It’s a Personal Journey

A stationary item is, by definition, static. It doesn’t change on its own, except maybe a slow and steady decay untraceable to the eye. The red bleachers in Times Square are a stationary item. Day in and day out, the stairs don’t change, though the rain, the snow, and the sun may cover it in different elements and experiences. What changes, sometimes irregularly, and sometimes according to season, is the hoards of people who come to inhabit the stairs. Sometimes they stay five minutes, and sometimes they shuffle in, take a seat, and leave an hour later. But the red stairs are just 26 steps of red and clear glass.  So where is the magic in staying there for longer than 5 minutes?

Time, regardless of how the space has changed, can change people’s perceptions. In fact, it’s people’s perceptions that are more powerful than simply how the space has changed, in some cases. This is heavily exemplified in the documentary film, Greetings From the Salton Sea as, many of the interviewees of the film appear to have very different opinions on the Salton Sea, perhaps because of their long time residency near the sea. Despite the ads and the testimonials of a sea that was once a getaway resort, the reality of the decrepit chemical filled wasteland the sea is becoming seems to be unclear to these loyal residents. I have come across so many people who’s visits to Times Square have ranged from their first time ever, to their 4th time in the city, to having a job in the TKTS booth four times a week. Their perceptions of Times Square are different; they’re perceptions are perhaps changed by becoming jaded old-hat New Yorkers, or perhaps their perceptions have continued to be the once-a year visitor who marvels everytime. But overtime they visit, Times Square, the demographic makeup of the guests on the stairs, and the length of the line at the TKTS booth will never be the same. It’s fascinating how the rest of these people’s personal lives and circumstance pump into and determine their perception of this slowly evolving place. The stairs, like the Salton Sea, are never the same; the stairs will wear down with time. But the view will always be new for someone sitting on those stairs.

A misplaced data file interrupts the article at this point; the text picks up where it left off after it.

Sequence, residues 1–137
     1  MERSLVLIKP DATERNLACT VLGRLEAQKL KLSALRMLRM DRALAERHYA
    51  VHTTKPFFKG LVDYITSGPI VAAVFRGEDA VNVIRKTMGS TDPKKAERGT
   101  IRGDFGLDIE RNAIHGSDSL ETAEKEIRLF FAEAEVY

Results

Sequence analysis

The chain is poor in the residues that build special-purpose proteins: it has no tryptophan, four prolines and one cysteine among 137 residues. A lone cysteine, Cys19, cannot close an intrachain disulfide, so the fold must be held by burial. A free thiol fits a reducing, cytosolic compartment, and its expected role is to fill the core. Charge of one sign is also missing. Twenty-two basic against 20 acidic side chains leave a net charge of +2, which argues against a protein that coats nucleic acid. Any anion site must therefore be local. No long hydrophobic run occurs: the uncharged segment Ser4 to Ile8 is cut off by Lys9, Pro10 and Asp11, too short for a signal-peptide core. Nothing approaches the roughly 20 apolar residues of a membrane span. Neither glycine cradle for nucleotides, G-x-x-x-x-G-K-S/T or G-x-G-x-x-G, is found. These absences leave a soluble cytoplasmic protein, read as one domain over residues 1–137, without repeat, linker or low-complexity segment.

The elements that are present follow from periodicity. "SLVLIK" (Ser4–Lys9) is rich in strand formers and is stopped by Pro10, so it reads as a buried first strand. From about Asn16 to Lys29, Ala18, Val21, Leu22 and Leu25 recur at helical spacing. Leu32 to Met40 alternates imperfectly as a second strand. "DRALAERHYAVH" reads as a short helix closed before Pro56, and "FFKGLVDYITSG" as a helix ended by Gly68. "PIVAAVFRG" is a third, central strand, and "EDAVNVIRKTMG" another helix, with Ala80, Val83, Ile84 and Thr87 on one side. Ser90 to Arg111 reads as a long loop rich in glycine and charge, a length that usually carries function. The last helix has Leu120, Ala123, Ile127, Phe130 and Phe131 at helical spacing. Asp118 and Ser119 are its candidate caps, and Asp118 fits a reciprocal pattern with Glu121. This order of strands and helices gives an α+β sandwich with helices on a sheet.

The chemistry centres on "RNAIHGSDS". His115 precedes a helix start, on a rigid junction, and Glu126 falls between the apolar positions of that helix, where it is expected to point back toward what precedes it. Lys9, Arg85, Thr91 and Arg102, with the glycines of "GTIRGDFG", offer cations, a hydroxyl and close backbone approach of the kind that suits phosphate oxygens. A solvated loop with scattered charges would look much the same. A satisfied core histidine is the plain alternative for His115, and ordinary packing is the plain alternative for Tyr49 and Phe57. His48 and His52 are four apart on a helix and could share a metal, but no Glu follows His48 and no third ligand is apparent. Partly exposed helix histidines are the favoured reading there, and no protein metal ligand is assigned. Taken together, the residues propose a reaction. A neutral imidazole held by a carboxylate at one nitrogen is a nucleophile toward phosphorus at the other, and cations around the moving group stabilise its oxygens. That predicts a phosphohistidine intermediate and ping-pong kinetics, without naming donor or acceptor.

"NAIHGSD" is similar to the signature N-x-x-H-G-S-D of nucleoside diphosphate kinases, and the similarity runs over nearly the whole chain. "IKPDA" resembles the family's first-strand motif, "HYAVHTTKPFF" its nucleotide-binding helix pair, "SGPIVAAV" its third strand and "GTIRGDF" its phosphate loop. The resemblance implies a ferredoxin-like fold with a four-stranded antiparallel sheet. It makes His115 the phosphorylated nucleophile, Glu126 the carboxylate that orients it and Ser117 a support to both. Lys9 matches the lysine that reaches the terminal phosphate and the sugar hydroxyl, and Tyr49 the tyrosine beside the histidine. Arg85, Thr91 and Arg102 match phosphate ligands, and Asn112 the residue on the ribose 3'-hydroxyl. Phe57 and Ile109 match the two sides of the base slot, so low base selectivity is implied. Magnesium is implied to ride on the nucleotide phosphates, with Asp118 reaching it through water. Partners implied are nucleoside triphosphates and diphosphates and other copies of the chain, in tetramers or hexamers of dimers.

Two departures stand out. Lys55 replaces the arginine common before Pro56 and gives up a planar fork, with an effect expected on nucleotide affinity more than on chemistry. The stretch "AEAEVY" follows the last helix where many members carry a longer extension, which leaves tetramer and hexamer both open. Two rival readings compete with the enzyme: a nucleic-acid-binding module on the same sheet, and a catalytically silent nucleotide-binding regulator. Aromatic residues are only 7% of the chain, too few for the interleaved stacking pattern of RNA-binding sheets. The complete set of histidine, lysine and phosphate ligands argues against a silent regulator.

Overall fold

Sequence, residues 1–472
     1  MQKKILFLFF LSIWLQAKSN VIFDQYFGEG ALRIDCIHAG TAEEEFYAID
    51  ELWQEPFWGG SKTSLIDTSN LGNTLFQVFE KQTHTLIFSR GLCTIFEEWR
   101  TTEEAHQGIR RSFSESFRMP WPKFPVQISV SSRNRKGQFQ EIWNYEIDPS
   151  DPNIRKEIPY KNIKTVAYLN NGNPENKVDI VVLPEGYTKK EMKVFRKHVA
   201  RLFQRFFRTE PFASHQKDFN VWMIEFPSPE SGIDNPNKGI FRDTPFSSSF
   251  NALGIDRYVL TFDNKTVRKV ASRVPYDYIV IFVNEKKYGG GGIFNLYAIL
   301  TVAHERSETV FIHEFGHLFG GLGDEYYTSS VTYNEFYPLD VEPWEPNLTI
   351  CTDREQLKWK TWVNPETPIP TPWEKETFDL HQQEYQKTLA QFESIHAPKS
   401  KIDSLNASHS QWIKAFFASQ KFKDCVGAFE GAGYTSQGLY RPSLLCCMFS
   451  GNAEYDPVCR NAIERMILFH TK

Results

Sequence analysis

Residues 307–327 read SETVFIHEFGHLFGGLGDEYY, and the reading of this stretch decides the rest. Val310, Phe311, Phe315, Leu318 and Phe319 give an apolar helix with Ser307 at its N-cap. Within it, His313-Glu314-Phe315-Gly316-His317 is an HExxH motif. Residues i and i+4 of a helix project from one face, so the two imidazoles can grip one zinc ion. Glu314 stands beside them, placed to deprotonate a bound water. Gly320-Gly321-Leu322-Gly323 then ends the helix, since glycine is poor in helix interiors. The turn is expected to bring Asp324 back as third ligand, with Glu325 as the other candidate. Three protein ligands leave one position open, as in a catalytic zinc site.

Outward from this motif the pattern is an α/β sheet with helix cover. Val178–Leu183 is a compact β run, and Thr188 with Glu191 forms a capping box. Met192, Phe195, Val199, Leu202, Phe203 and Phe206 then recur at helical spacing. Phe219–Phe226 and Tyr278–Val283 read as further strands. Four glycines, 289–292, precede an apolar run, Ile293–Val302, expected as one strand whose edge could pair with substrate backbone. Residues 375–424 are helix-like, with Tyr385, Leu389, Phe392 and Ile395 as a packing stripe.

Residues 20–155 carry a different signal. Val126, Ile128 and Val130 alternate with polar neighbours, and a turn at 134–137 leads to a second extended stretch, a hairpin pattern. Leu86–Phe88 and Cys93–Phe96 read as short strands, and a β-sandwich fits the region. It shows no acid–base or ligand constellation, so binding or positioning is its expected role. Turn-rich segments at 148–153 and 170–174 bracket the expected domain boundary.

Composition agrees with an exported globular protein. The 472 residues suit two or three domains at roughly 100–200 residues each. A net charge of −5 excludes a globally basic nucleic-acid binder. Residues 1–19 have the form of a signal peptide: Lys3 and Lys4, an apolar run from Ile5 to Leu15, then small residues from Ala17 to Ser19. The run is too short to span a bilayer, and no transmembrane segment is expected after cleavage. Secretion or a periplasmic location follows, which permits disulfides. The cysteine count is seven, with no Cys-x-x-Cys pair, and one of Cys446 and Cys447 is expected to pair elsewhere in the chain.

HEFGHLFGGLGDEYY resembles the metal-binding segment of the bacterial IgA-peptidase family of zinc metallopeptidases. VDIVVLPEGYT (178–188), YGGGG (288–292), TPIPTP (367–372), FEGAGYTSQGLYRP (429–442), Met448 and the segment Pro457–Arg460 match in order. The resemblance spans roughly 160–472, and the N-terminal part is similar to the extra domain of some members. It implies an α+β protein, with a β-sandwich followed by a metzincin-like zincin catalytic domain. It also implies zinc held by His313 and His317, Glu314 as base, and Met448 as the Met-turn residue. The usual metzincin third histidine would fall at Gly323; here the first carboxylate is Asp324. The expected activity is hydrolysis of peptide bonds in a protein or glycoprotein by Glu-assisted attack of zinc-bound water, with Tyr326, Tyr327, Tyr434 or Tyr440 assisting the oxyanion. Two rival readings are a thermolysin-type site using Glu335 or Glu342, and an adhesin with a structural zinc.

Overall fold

In Brian Massumi’s “Autonomy of the Affect”, Massumi states an important encompassing idea on the the differing affects of a volume. “It would appear that the strength or duration of an image’s effect is not logically connected to the content in any straightforward way […]. What is meant here by the content of the image is its indexing to conventional meanings in an intersubjective context, its sociolinguistic qualification. This indexing fixes the determinate qualities of the image; the strength or duration of the image’s effect could be called its intensity” (24). Who’s to say that Times Square’s affect isn’t due to the spectacle and the content of the space, but rather the personal intensity that one comes into the space with? Each human, visitor, worker, or presence breathes life into the space, and from the bleachers you are held at the top of that inhale; you see all of the factors moving around you at lightning speed, but you hold still and take it all in with the filters of your personal being.

~ by emilylho on October 31, 2015.

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